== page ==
Moore Cove Falls is an easy hike that is a perfect multi-generational or starter trek to visit a gorgeous waterfall in Pisgah National Forest in Brevard. The entire walk is 1.4 miles and takes about 20 minutes each way. The elevation gain is minimal. The trail might seem difficult at first, but it’s wide and downhill into a forest with lots of shade almost the entire way. There are flowers, ferns, wooden bridges, and many babbling water sounds as you make your way to Moore Cove Falls. The hike ends at a wooden boardwalk viewing area that showcases a 50-foot waterfall dropping dramatically over a rock ledge. This setting is a photographer’s dream. In many descriptions, there are suggestions that you can walk behind the waterfall, but I wouldn’t recommend it. It seemed slippery because of the recent rainfall. Park services advise never to climb to the top of the falls as a fatality occurred there from a fall. Please take my word for it; the falls are spectacular right from the viewing platform. There are no facilities at this location and parking is available on the side of the road.
Pro Tip: Rainy weather creates slippery conditions. Going off-trail near Moore Cove Falls is not a good idea. If visiting in the fall, leaves can also cause slippery conditions.
4. High Falls
High Falls, at 150-feet, is one of four waterfalls that you can visit in DuPont State Forest, about 40 miles from Asheville. I hiked to both High Falls and Triple Falls in one afternoon, but if you have the time, you can visit all four in one day or make multiple visits. When you pull into the High Falls Visitor Center parking lot at DuPont State Forest, there’s a map at the trailhead, a visitor center, and bathrooms. A detailed map outside the center explains the multiple hike options, and there are free maps to take with you.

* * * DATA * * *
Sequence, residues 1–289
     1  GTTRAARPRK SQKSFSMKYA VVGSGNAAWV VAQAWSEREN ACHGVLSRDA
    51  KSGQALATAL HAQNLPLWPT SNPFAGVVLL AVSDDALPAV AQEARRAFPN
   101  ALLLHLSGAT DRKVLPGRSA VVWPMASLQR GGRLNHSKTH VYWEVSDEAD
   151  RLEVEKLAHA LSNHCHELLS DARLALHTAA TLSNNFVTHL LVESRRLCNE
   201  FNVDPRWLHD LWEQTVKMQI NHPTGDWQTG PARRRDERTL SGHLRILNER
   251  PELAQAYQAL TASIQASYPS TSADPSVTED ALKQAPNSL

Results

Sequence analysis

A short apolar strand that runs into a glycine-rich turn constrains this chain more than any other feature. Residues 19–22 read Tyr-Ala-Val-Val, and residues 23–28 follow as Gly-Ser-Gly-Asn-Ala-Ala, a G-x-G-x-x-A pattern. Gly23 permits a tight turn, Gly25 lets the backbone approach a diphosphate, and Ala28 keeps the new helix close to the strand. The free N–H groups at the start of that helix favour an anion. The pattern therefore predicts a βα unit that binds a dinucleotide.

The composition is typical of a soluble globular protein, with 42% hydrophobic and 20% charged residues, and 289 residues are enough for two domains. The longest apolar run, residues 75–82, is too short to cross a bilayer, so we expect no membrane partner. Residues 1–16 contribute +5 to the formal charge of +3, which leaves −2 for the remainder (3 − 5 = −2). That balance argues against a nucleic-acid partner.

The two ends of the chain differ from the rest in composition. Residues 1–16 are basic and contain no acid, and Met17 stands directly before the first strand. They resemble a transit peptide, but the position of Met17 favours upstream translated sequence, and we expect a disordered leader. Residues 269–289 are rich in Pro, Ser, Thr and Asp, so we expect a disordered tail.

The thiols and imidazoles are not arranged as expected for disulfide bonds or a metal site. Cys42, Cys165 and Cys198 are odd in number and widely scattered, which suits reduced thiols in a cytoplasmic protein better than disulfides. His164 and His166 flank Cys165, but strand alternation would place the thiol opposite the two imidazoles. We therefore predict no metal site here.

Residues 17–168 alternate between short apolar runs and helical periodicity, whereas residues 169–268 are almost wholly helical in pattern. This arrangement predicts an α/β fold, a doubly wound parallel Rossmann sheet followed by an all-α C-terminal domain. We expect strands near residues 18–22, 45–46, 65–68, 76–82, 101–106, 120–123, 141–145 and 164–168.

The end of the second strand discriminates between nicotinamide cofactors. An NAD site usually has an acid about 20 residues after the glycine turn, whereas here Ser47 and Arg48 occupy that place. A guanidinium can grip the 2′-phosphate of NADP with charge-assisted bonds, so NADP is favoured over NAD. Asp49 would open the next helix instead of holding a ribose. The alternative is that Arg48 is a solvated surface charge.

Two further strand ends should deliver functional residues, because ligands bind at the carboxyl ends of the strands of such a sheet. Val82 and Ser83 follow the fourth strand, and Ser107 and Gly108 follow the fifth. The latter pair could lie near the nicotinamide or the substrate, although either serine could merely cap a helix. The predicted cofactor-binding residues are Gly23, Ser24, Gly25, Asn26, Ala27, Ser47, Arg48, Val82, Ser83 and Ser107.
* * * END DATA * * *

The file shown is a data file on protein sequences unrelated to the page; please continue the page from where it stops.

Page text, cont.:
If you want to hike to High Falls, listed as easy, it’s a 1.2-mile round trip. You take the High Falls Loop to the falls and then backtrack to the visitor center. The chart says to allow 1 hour, but the timing is up to the hiker. The trail is dog-friendly but your pet must be on a leash.
Pro Tip: There’s a spur trail with signage that says “Base of Falls” if you hike toward Triple Falls. The spur trail is about one-third of a mile and adds to the length of your hike. If the water is low, you can rock-hop along the river bank for a closer view of High Falls. I don’t recommend it if you have mobility issues.
5. Triple Falls
DuPont State Forest is about a 45-minute drive (40 miles) from Asheville. Once parked in the High Falls Visitor Center parking lot, follow the High Falls Loop to High Falls and Triple Falls. There’s a short walk down Triple Falls Trail to a viewing area. To get back to the visitor center, stay on the High Falls Loop. The hike is 2 miles and the guides list this as moderate. The time for this hike is more extended and requires 2 hours, but it’s worth it. This gorgeous waterfall is 120-feet high and has three distinct waterfalls. You can take the staircase down to the flat rock between the falls and stand in the middle of the rock formations. It’s perfect for photos and thrilling to experience the rushing water close up. It’s also a famous spot as it’s been the backdrop for blockbuster movies like The Hunger Games and The Last of The Mohicans.
DuPont State Recreational Forest is free and has 86 miles of trails on 10,000 acres. If you want an easy to moderate hike to three waterfalls in 1 day, the Hooker, Triple, and High Falls hike is a great 3-mile round trip trek that combines to form a terrific hike. While Hooker Falls is a small, 12-foot waterfall, it’s a pretty setting and a wonderful way to spend the day. Bring a picnic and make sure to leave no trace behind.
Bridal Veil Falls is a 120-foot waterfall and a 4-mile round trip hike from the High Falls parking lot if you only want to visit Bridal Veil Falls. The combination — Triple Falls, High Falls, and Bridal Veil Falls — is 7.5 miles and guides list this as a moderate trip. If you’re going to make it a more extended day, skip Hooker Falls and add Bridal Veil Falls instead. Allow 4 hours for this hike. Bridal Veil Falls doesn’t drop dramatically; it rushes over a large rock slab. This beauty was also a backdrop for The Hunger Games and is popular on weekends. There are a lot of fans that love to scout the scenes from the film.
Pro Tip: Triple Falls is a popular attraction on the weekends, so try to visit during the week to experience it with fewer crowds.
There are so many waterfalls dotting the Blue Ridge region; it’s a beautiful excuse to get outside and find them. Make sure to have the proper shoes, water, and dress in layers for comfort and sun protection.